All 46 aboard Venezuela plane killed in mountain crash

 

All 46 people on board died when a Venezuelan passenger plane slammed into the sheer face of a foggy Andean mountain after veering off course after takeoff, officials said on Friday.

 

Rescuers rappelled from helicopters to search for remains in the shattered wreckage lodged 13,000 feet above sea level on a craggy, rock wall known as "Indian Face."

 

The blue-and-white tail of the twin-engine plane rested on the mountainside, which was charred by flames. Pieces of white fuselage and other remains from the crash littered the area, images from a video shot by searchers showed.


Whipped by cross-winds, rescue mountain-climbers struggled to lower themselves down the cliff to reach the plane operated by the small local airline Santa Barbara, civil defense chief Antonio Rivero said.


"This plane was found completely wrecked, smashed against the face of one of the mountains," Rivero said. "Unfortunately everyone aboard died."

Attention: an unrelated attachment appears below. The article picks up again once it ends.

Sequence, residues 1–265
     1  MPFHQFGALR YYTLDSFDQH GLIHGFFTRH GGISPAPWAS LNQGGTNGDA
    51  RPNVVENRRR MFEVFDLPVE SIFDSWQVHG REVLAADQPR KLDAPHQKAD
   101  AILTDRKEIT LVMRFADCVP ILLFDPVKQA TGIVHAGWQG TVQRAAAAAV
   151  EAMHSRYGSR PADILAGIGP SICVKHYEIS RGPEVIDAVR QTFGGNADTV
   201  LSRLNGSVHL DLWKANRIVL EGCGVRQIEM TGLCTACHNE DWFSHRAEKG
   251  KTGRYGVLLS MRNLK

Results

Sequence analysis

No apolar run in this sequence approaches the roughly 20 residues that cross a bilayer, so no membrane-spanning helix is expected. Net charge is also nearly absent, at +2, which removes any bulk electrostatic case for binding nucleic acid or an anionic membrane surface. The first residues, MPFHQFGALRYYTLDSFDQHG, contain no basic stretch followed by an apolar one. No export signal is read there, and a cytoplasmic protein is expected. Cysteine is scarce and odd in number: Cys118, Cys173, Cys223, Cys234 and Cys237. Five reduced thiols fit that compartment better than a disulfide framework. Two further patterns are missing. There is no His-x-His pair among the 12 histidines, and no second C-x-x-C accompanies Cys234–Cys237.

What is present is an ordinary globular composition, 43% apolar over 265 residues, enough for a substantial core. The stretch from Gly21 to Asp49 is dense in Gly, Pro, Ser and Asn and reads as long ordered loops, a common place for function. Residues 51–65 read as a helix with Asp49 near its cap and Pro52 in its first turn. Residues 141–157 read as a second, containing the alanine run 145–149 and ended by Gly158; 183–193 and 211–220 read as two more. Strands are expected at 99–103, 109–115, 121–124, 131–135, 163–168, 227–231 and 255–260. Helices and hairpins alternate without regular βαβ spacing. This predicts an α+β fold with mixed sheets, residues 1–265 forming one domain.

With few clearings to land choppers, searchers set up camp almost a mile away and trekked across the rugged terrain to the wreckage.

The plane crashed nearly 10km from the tourist city of Merida after taking off for the capital Caracas on Thursday before dusk in a notoriously difficult region to navigate.

"It makes your heart ache. Venezuela is in mourning," President Hugo Chavez said in a televised speech.

Chavez pledged his government would do “everything that must be done” to recover the remains for the families. “May they rest in peace,” he said.

 

Relatives and friends of the victims gathered in tears, some of them embracing, at the airports of Merida and Caracas.

 

“We join in the profound pain of all the relatives of our passengers and co-workers,” the airline said, pledging to co-operate fully with investigators.

 

Aircraft manufacturer ATR, based in Toulouse, France, said specialists from the company and the French Accident Bureau were leaving immediately to assist in a probe. (Reuters & AP)


 

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